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Compare Your Citizens Bank IRA Options
Citizens Bank's IRAs are available as certificates of deposit or savings accounts, with various terms and options available.

Traditional IRA
This IRA allows you to make contributions to your account with pretax dollars. You can use this IRA to lower your taxable income, and thus lower the amount you have to pay in taxes. Withdrawals (distributions) are permitted any time after age 59½ but must start by April 1st following the year in which the participant reaches the age of 70½. After age 59½, you may make withdrawals even if you continue to earn income.
  • Every individual who has earned income or received alimony may contribute to a Traditional IRA. Income from other sources such as investments or inheritances does not qualify. Contributions may not be made for or after the year in which you reach age 70½.
  • You may make annual contributions up to the maximum IRA limits set by the IRS.
  • Earnings grow tax-deferred until withdrawn, and contributions may be tax deductible.
  • Withdraw penalty-free for any of the following reasons: Qualified higher-education expenses, first-time home purchase, age 59½, disability, qualifying medical expenses exceeding 7.5% of adjusted gross income, payment to beneficiaries upon the owner's death, and payment of health insurance premiums while unemployed for 12 weeks or longer.

Roth IRA
Roth IRA contributions are made with after-tax dollars, which means it does not lower your taxable income. The advantage is that your earnings grow tax-free, and your withdrawals are made tax-free. Plus, you won't have to pay taxes on this money when you retire.
  • You are eligible to contribute to a Roth IRA if your income is less than a limit set by Congress and you earn compensation (or your spouse earns compensations and you file a joint return). If your income is too high to contribute the annual contribution limit, you may be able to make a smaller contribution. Check with a tax professional for current figures.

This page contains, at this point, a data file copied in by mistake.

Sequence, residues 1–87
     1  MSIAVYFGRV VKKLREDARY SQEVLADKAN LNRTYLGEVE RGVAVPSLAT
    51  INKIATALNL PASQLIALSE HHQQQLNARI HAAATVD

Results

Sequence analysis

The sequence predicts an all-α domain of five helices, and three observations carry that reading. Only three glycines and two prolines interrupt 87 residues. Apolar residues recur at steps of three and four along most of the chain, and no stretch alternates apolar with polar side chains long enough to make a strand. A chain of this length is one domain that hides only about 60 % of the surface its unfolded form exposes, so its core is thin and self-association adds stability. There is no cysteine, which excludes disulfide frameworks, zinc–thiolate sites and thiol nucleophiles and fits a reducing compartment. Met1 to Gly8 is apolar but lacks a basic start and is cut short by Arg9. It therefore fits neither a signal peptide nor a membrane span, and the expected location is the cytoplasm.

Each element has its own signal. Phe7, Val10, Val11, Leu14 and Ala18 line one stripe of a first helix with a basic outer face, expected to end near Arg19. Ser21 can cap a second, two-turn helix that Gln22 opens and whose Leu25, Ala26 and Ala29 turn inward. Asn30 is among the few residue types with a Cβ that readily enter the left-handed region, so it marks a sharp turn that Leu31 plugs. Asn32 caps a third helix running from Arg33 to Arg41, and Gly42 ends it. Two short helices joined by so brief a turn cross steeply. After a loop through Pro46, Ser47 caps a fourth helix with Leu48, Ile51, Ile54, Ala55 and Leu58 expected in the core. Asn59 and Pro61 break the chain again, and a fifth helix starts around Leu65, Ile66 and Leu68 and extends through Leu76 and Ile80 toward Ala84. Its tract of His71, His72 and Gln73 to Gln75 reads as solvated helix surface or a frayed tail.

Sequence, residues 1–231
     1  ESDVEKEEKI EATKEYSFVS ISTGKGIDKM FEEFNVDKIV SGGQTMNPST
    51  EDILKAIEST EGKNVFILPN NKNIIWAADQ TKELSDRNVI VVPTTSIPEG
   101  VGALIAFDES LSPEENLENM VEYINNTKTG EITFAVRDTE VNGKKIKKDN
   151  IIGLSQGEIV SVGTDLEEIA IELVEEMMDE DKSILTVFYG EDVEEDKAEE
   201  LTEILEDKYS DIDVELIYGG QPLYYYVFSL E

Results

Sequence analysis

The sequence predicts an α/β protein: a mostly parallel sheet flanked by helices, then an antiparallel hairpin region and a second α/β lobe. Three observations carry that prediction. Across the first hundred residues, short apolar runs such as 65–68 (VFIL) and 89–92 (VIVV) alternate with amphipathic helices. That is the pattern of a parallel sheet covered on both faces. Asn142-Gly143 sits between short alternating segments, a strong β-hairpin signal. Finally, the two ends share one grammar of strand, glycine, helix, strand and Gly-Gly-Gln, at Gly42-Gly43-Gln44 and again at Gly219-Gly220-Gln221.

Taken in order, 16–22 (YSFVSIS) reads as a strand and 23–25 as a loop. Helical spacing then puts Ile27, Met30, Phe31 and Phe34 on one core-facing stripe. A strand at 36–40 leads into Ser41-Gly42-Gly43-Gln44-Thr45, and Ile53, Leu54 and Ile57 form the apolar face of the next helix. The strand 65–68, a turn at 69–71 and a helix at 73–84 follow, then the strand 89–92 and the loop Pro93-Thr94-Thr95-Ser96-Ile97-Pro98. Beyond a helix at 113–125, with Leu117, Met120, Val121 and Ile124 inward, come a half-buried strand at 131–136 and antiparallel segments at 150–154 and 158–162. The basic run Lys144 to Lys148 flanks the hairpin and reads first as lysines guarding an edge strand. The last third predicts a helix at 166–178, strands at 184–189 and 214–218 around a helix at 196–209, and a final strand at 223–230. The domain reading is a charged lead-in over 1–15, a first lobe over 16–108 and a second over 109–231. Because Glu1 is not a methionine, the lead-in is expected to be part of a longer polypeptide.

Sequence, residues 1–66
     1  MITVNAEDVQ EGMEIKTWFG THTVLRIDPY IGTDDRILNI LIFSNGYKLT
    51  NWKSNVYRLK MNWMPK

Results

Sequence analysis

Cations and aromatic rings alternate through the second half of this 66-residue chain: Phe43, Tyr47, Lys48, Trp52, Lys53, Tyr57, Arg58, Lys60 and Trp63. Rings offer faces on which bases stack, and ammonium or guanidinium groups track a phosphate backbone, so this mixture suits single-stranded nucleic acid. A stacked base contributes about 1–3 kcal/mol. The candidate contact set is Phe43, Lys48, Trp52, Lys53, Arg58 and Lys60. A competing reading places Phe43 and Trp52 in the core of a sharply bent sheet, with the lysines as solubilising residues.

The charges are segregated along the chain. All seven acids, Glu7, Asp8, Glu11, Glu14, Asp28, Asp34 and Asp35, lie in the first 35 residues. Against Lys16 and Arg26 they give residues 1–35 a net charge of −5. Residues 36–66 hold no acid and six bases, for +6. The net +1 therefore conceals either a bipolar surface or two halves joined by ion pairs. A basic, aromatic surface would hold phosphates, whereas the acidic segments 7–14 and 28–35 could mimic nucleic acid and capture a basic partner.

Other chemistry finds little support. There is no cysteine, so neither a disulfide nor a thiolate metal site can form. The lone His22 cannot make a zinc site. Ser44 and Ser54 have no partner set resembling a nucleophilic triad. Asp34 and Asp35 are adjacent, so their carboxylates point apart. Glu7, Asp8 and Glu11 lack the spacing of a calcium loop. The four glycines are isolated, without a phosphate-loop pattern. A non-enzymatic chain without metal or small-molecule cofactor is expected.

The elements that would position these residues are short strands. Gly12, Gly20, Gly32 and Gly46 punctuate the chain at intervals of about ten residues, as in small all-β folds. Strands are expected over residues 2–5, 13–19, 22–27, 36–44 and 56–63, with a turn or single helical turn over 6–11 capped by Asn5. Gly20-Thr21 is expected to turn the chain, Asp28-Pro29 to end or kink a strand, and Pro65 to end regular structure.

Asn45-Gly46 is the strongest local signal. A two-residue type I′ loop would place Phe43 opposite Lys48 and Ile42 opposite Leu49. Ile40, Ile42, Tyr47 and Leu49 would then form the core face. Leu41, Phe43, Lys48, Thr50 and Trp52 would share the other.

• You may make annual contributions up to the maximum IRA limits set by the IRS.
  • Regular contributions can be withdrawn tax-free and penalty-free at any time.
  • After the account has been open five tax years, earnings can be withdrawn tax-free and penalty-free for any of these reasons: age 59½, disability, death or a first-time home purchase.
  • Contributions are non-deductible but all withdrawals, including earnings, are tax-free if the account has been open for five years and the account holder is 59½ or older.

Coverdell IRA (Education IRA)
An Education IRA is a great way for adults to save for a child’s education.
  • Contributions may be made up to the maximum Coverdell IRA limits set by the IRS.
  • Contributions can pay for qualified higher education expenses, including tuition, books, supplies and associated fees – along with both public and private elementary and high school expenses.
  • Contributions are non-deductible, earnings are tax-deferred and distributions are tax-free if used to pay for the account beneficiary's qualified expenses for costs of kindergarten through 12th grade, college or trade school.

Simplified Employee Pension (SEP) Plan
A SEP is a retirement plan established by employers, including self-employed individuals (sole proprietorships or partnerships) whereby employers may make tax-deductible contributions on behalf of eligible employees. Employers are allowed a tax deduction for plan contributions. Employees do not pay taxes on SEP contributions, but these contributions are taxed when the employees receives a distribution from the IRA. SEP plans require establishing a Traditional IRA to which the employer will deposit SEP contributions. Once deposited, SEP contributions become Traditional IRA assets and are subject to many of the IRA rules, including the following:
  • Distribution rules
  • Investment rules
  • Contribution and deduction rules for Traditional IRA contributions
  • Documentation requirements for establishing an IRA
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